And yes, I think ‘celebrity culture’ has played a notable role in all of this. From the beginnings of Hollywood, to the ways of things now, this culture has always relied on some people being presented as being extraordinary, very special, worthy of much popular attention. They had to be set apart from everybody else: talent-wise, and, of course, ‘beauty’-wise.

But, gradually, the cosmetics that only the rich and famous had access to became increasingly accessible to the rest of the public. And, with this ‘celebrity culture’ mentality in mind, of course, people wanted to emulate whom they had been made to perceive as being the ‘successful’. And thus, I think, was birthed these ideas of the most non-human-seeming human things being the most attractive ones. Terrifying, really.

Hooked noses and pointed chins, for example, are not objectively ‘ugly’. And nor are rounded faces, or thinner lips, stretch marks, tummy rolls, or whatever else.

I do think it is a very human, ‘okay’ thing to want to be beautiful. In general, women in particular have innate desires to be beautiful (on the inside, and the ‘out’), while men tend to obtain the majority of their self-esteem from how ‘strong’ they are (both on the physical, and inward, emotional level). But I think our paradigms of beauty ought to be more ‘from us’. Beginning with us, and ending, for the most part, with us: with the beautiful features and things that Allah has given us, already. The goal, perhaps, ought to just be: being as healthy as we can be. Developing according to our own natures (and this should be true, for us, on both the physical level, and the mental ones).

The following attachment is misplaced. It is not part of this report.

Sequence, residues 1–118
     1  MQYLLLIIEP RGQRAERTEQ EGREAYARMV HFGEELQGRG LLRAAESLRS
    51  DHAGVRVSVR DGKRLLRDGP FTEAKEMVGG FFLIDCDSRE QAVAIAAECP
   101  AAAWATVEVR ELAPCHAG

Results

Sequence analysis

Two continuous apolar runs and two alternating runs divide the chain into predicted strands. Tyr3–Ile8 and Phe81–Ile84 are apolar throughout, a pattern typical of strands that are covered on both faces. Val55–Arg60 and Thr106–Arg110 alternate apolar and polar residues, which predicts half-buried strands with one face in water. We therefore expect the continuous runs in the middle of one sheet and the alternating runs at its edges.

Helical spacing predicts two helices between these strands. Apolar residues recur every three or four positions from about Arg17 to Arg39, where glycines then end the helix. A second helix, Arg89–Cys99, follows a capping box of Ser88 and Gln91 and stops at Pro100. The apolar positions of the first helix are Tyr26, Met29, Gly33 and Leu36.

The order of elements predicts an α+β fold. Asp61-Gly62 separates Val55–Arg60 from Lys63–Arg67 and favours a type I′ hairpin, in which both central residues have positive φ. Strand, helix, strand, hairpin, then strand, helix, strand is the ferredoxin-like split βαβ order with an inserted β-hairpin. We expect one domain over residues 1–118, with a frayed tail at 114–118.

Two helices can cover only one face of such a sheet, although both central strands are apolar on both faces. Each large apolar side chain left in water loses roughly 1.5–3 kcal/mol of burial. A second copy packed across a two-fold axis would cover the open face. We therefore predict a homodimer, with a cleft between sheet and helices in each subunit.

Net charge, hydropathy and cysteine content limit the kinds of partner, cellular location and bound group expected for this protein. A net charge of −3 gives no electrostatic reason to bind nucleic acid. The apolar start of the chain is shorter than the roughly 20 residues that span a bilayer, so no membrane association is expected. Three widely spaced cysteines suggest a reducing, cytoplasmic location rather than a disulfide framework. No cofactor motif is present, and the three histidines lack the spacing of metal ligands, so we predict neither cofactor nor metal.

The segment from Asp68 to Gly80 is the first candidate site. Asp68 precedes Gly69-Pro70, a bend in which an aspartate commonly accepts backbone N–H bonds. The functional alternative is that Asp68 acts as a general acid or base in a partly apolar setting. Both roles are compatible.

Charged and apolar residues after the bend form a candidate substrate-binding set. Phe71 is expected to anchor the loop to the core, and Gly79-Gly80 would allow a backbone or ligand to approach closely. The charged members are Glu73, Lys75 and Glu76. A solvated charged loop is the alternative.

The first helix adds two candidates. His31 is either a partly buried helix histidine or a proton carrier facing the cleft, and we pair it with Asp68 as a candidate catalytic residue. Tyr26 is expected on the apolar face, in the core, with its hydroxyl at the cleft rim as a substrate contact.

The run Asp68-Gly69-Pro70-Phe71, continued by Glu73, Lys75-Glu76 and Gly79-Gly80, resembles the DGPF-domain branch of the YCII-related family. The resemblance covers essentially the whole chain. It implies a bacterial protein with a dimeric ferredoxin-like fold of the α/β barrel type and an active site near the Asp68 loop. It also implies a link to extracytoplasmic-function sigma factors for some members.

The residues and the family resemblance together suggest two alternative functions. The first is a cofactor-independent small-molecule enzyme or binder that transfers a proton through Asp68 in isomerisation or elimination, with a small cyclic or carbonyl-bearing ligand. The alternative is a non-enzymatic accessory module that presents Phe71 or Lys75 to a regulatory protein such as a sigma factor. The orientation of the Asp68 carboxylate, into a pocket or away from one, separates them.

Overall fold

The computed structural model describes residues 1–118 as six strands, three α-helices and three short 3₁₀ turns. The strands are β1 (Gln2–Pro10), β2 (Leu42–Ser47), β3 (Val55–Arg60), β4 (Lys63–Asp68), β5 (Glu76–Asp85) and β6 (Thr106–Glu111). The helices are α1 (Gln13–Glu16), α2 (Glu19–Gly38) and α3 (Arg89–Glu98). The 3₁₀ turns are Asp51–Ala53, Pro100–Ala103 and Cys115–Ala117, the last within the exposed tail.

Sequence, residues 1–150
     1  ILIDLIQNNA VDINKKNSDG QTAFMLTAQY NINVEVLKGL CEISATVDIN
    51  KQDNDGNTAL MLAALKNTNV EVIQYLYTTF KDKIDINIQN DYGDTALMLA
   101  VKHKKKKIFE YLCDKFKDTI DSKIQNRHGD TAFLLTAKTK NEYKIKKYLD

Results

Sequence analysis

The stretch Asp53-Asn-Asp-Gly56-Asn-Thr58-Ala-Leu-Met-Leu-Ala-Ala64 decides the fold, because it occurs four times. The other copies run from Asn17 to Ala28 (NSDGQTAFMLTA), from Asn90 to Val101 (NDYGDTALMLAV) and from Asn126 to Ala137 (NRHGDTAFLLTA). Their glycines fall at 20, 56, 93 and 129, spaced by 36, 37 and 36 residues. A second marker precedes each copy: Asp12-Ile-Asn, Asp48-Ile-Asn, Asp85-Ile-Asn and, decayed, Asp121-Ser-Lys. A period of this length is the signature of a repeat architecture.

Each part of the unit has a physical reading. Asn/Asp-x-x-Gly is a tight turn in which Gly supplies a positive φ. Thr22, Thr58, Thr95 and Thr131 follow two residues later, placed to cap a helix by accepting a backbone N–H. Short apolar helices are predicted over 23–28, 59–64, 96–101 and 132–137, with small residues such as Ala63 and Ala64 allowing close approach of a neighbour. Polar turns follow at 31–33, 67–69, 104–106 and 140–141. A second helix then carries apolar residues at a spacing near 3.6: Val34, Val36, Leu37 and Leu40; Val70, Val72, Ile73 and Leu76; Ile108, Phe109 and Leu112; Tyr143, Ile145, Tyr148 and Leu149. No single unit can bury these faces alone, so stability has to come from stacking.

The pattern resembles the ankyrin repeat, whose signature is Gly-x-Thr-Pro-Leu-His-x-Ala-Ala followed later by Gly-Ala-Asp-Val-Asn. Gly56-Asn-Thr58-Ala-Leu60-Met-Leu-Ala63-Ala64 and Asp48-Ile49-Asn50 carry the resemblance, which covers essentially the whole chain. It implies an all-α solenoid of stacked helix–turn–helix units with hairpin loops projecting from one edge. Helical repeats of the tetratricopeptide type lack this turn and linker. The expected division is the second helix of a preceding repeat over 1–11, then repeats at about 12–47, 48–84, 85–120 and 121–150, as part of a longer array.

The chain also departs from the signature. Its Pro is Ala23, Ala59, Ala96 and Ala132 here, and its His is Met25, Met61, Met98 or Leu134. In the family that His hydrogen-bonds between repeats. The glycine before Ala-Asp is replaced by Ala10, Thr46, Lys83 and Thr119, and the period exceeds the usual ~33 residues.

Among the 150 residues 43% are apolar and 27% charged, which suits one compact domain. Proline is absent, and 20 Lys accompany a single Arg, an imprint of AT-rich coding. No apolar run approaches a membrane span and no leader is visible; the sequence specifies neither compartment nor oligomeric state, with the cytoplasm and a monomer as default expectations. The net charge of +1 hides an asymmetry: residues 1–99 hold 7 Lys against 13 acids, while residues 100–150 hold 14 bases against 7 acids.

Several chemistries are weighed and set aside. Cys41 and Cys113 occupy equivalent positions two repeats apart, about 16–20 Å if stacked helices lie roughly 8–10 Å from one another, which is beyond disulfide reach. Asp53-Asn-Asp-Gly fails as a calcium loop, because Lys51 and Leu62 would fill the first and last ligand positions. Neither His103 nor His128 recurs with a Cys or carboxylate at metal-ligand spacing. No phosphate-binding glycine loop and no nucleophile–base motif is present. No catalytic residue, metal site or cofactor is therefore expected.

Hey, did Aphrodite not have tummy rolls? She is, then, perhaps more human than most of us today will, unfortunately, allow ourselves to be.

I worry for my little cousins, I really do. In fact, I worry for every woman – especially the younger ones – who finds herself alive, right now, in this world of ours. I want for beautiful people to know that they are beautiful, even where their faces do not fit with the whole Instagram cut-out template.

If I ever have a daughter, I hope I can teach her how to stand before herself and bear witness to the beauty that is inherent in her, a gift from God. I know I would want to protect her from these never-ending streams of media that may seek to tell her that, in terms of beauty, she is lesser than what she, in truth, is.

Dear reader, I want you to know how beautiful you are. So, for today at least, I challenge you to exchange those critical lenses through which you may look at yourself in the mirror, for ones of appreciation. When you actively look for the beauty that (I promise you) is already there, you will surely come to see it, Subhan Allah. Nobody else in the world has the beauty that only you do.